Introducing the 1790's Stays

We have a new stays style! 


Ahhh, the 1790's. What a weird but delightful little moment in fashion. I love that modern costumers are giving this decade more attention, because there are some really lovely things to be found at the tail end of the 18th century. 

Theresa, Countess Kinsky by Elisabeth Louise Vigee-Lebrun, 1793 (Norton Simon Museum)

The Honorable Lucy Elizabeth Byng, 1799 by John Hoppner
The Honorable Lucy Elizabeth Byng by John Hoppner, 1799 (The Frick)

Portrait of Natalia Zakharovna Kolycheva, née Hitrovo by Elisabeth Louise Vigée-Lebrun, 1799 (Dallas Museum of Art)
Portrait of Natalia Zakharovna Kolycheva, née Hitrovo by Elisabeth Louise Vigée-Lebrun, 1799 (Dallas Museum of Art)

(I was a frequent visitor to this museum in high school...there's a bad pencil sketch of this portrait somewhere in an old notebook.)

We call this period "transitional" because it was a time of great change in fashion.  When we consider the monumental changes taking place globally at the time it is perhaps not so surprising that fashions shifted as well. The conical silhouette held on for several centuries and many generations. In the late 1780's, things started to shift. By the 1790's we see a raised waistline, softer silhouette, and more bust curve than fashion had allowed for centuries. In fact, the bust was rather "on display" and prominent. You can see this in several of the portraits here, where dress cut and drapery frame the bosom. This new silhouette required a different kind of stay. But fashions do not spring out of nowhere. A staymaker didn't wake up one day and create a wholly new corset style and aha! that was it.

Arabella Diana Cope (1769–1825), Duchess of Dorset by John Hoppner, 1790's
Arabella Diana Cope (1769–1825), Duchess of Dorset by John Hoppner, 1790's

When we look closely at late 18th Century "transitional" stays, some general characteristics become apparent: 

  • They were based on earlier patterns and styles. Seam lines, bone angles, and overall proportions mimic earlier conical stays.
  • They were lightly boned compared to the fully boned stays of their Grandmother's generations.
  • They accommodate the bust in some way. 

Beyond that, anything goes, really. We see stays that end below the waist, above the waist, with residual tabs and without, with gathered/ruched cups and smooth gores and and and...clearly the staymakers of this period were experimenting with different ways to solve this new silhouette in a comfortable way.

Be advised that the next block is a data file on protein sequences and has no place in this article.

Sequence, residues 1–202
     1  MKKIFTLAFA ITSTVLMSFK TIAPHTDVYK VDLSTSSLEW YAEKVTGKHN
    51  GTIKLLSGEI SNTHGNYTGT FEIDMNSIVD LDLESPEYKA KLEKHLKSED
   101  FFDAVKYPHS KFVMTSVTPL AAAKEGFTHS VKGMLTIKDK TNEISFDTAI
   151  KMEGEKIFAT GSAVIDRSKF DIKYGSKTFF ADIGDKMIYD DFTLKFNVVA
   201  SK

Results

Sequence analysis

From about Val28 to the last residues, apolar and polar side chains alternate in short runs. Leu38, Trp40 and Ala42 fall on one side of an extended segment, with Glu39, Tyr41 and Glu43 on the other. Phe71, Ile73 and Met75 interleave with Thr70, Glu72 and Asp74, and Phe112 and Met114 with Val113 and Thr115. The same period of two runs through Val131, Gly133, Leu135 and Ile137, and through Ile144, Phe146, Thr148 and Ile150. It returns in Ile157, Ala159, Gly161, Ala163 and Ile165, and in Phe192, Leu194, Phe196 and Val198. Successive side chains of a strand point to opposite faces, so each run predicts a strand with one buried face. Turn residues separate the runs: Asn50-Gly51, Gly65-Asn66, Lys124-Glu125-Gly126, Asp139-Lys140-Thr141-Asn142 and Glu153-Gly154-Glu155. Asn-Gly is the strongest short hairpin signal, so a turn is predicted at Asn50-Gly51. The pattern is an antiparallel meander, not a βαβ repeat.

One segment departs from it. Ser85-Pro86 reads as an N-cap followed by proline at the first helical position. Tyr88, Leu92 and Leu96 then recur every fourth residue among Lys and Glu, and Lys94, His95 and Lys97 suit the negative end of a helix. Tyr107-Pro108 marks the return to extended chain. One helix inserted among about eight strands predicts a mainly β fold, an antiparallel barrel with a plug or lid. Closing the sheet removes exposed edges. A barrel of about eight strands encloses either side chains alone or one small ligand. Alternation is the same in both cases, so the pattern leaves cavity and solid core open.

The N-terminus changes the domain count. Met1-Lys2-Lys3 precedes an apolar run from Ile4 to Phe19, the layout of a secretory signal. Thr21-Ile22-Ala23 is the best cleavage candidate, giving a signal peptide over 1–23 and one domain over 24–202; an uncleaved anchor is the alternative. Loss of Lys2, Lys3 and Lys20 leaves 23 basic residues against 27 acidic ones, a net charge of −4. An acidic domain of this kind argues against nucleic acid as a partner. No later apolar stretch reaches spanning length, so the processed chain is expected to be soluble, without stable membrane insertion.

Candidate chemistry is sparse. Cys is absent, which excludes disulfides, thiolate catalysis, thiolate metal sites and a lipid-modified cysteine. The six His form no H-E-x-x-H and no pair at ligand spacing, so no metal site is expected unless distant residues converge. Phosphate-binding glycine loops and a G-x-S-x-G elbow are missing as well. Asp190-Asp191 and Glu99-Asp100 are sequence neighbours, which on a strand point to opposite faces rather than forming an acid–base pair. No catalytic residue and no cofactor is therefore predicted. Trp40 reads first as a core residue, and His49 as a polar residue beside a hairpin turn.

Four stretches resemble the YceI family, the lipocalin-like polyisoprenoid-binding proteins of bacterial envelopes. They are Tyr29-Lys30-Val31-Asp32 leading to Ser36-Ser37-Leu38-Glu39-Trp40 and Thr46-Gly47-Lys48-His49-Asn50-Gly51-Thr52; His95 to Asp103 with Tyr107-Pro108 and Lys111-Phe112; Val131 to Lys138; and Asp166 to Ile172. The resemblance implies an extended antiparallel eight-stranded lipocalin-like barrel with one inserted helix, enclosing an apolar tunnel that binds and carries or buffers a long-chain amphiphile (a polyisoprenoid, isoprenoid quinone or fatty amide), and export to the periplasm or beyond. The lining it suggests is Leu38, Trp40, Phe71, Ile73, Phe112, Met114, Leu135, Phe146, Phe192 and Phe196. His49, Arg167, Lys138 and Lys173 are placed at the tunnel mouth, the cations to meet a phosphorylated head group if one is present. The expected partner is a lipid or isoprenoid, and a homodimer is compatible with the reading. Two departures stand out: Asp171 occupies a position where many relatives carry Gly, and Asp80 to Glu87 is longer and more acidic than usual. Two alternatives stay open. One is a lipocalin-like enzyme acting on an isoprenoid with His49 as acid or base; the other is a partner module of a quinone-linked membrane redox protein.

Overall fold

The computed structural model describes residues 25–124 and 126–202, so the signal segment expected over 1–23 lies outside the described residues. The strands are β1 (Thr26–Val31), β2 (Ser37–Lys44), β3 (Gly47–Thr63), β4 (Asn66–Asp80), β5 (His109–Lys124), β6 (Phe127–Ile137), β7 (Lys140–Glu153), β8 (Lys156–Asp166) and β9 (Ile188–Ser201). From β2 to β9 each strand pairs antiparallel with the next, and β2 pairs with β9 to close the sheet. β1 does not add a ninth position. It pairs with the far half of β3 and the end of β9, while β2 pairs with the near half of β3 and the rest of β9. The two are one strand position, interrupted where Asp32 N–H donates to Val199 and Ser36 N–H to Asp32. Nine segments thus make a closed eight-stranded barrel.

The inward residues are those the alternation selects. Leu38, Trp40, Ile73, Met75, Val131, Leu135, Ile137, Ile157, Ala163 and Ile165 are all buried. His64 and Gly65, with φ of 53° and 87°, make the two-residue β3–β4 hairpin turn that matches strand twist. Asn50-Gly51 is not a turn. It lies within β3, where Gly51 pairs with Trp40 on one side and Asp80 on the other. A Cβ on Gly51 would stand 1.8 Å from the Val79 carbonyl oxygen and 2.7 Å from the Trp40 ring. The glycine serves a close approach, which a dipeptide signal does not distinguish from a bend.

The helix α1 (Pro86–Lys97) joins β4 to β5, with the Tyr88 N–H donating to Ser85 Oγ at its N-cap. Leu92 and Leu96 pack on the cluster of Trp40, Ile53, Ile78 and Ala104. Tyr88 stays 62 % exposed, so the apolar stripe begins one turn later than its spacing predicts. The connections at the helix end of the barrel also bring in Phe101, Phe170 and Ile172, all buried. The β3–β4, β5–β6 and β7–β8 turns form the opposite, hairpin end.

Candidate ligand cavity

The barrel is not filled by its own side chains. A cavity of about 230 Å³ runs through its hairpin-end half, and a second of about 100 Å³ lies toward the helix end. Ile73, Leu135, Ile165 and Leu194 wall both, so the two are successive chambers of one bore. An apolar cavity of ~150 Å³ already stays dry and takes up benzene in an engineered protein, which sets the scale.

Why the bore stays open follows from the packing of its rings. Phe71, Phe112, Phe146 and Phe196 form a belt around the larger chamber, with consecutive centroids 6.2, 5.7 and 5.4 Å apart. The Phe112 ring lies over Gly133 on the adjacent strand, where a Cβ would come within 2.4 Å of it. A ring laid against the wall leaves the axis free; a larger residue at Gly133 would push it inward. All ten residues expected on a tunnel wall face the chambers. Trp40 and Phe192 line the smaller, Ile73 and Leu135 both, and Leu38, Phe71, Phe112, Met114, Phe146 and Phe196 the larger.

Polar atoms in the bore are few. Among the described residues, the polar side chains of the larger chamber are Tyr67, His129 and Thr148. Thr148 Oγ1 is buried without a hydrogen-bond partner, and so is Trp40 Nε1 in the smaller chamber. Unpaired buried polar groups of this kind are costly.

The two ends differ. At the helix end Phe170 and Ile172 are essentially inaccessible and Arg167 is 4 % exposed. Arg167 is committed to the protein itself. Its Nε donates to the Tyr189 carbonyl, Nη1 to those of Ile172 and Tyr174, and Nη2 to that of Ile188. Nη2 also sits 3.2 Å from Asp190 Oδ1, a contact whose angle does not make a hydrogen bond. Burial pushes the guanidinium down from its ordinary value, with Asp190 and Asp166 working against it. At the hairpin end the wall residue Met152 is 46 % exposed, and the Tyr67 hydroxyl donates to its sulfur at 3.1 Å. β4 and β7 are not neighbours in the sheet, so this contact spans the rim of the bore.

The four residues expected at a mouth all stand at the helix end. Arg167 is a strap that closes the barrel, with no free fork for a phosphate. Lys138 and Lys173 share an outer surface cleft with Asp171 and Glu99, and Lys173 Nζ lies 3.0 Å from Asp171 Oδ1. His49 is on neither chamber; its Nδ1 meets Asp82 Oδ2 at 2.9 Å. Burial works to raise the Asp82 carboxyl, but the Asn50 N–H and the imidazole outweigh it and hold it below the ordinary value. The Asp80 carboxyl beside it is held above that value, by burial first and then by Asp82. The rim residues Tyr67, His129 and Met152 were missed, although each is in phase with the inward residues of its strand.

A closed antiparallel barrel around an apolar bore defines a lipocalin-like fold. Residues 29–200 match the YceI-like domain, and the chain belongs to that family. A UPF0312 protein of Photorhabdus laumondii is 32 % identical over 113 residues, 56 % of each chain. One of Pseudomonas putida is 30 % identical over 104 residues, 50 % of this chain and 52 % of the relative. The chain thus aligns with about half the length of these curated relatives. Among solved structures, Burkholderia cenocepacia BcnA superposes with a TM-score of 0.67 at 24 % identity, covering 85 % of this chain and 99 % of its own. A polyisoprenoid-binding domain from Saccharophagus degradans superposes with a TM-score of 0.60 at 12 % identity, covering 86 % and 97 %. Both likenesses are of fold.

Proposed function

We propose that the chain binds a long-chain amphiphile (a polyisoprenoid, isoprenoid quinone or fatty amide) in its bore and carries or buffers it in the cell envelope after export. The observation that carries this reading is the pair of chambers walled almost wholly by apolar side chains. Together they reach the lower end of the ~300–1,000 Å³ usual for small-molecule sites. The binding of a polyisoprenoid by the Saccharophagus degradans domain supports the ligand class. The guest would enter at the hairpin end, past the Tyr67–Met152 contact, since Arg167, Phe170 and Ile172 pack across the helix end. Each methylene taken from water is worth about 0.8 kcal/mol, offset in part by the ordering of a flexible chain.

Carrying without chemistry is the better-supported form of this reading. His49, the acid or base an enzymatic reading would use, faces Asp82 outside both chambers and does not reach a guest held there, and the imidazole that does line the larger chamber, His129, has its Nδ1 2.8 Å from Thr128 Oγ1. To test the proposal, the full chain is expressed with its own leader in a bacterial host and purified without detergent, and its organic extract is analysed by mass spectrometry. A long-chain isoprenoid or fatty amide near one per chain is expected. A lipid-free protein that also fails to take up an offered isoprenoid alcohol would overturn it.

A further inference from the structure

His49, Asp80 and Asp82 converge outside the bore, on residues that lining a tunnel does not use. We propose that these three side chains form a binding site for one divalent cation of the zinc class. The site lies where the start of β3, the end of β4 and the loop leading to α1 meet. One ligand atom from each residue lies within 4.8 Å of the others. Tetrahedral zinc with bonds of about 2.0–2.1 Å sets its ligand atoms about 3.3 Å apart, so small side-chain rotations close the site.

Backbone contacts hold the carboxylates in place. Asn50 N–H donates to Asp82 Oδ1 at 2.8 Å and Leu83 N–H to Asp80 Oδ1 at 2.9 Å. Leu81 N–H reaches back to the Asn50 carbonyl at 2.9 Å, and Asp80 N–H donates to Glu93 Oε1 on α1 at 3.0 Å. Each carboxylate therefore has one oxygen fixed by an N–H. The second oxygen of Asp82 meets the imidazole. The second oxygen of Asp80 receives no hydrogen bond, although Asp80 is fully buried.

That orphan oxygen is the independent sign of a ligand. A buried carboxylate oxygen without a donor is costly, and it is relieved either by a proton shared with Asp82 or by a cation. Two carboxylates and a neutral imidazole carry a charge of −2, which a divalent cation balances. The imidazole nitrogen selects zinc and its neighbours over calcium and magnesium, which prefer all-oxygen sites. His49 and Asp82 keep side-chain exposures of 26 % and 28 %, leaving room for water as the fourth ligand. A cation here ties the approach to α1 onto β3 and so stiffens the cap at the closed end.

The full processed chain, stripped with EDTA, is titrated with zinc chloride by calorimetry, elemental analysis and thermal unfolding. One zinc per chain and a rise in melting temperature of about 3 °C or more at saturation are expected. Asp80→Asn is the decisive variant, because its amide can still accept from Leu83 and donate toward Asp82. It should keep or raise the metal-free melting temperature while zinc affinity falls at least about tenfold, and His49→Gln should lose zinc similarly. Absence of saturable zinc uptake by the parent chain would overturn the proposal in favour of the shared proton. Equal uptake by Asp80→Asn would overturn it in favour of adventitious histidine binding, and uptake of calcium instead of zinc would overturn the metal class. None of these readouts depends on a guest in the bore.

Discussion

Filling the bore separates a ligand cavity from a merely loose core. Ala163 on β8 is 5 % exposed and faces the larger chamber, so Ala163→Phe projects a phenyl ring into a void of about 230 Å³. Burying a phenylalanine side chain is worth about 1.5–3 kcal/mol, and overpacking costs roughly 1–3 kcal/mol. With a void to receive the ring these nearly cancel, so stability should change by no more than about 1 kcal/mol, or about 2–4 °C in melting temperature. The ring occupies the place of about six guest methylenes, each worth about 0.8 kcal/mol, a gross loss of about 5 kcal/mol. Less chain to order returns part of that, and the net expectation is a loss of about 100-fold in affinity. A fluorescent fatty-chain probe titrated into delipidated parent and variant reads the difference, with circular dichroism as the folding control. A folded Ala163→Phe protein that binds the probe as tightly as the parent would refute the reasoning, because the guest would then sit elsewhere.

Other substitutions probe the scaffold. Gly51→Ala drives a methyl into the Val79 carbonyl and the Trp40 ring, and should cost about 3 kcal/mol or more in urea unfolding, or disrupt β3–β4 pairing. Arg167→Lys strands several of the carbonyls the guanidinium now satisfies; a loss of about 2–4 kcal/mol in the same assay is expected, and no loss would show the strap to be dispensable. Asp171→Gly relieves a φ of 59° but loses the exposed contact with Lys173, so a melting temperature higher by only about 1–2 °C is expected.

Victoria & Albert Museum

One of the best resources on this era of stays is J. S. Bernhardt's Sewing Manual, which Sabine of Kleidung um 1800 has graciously outlined and researched. This is an excellent look at this era of stays. I particularly love the sleek, minimal qualities of this style. Though I didn't go with this draft or pattern, it does create a lovely shape and re-creations yield beautiful results


I decided to pull from a variety of sources for our 1790's stays. I knew that I wanted a front busk after seeing the support that gave in several Bernhardt re-creations. Smooth, soft bust gores in just two layers of sateen and a drawstring top would allow for flexibility in sizing and a more elegant line under gowns than the ruched cups. For ease of fitting purposes, our stays end above the waist at sides and back like many from the period (plus sizing extends slightly out over the hip for more support). I omitted the waist tabs for economy and affordability.

For the actual pattern I tried to think about how a 1790's staymaker would have approached their work when women started asking for this style. Observing that many of these transitional stays retain the swooping seam lines and diagonal boning of previous eras, I simply adjusted our 1780's front lacing stays into an abbreviated, shorter, tab-less style. A few adjustments to edges, blending of seams, and addition of bust gores are all that is needed to move the pattern forward ten years. 

It really was that easy!*

*okay, it was slightly more complicated than that, and then there were the multiple mockups and fit adjustments and pattern corrections. But the basic pattern was already there waiting within my 1780's stays, just as it would have been in the period. And the front lacing pattern is tried and tested, which gave this project a jumpstart. 


Our 1790's stays follow our standard stock corset construction features with English cotton coutil strength layer, steel boning, and cotton sateen fashion fabric. I made sure to keep an alterable side seam and adjustable straps. Spiral lacing continued through this period, and so these spiral lace--with the concession of steel grommets for affordability. The 12" busk is removable, as with all of our other stays. 


 1790's stays are available for pre-order through August 31, 2017 in our full size range. With a price point around $250 (plus a $25 savings for pre-ordering) these are some of our most affordable corsets. We are thrilled to be able to bring this underrepresented style out front and center!


Corsets: Historical Patterns and Techniques, Jill Salen
Corsets and Crinolines, Norah Waugh
Kleidung um 1800 - Bernhardt stays analysis 
My Darling Dear and the Regency - Bernhardt stays re-creation
Wearing History - Regency projects including transitional stays
The Dreamstress - A quick guide to corset & stay styles from 1750 to 1850








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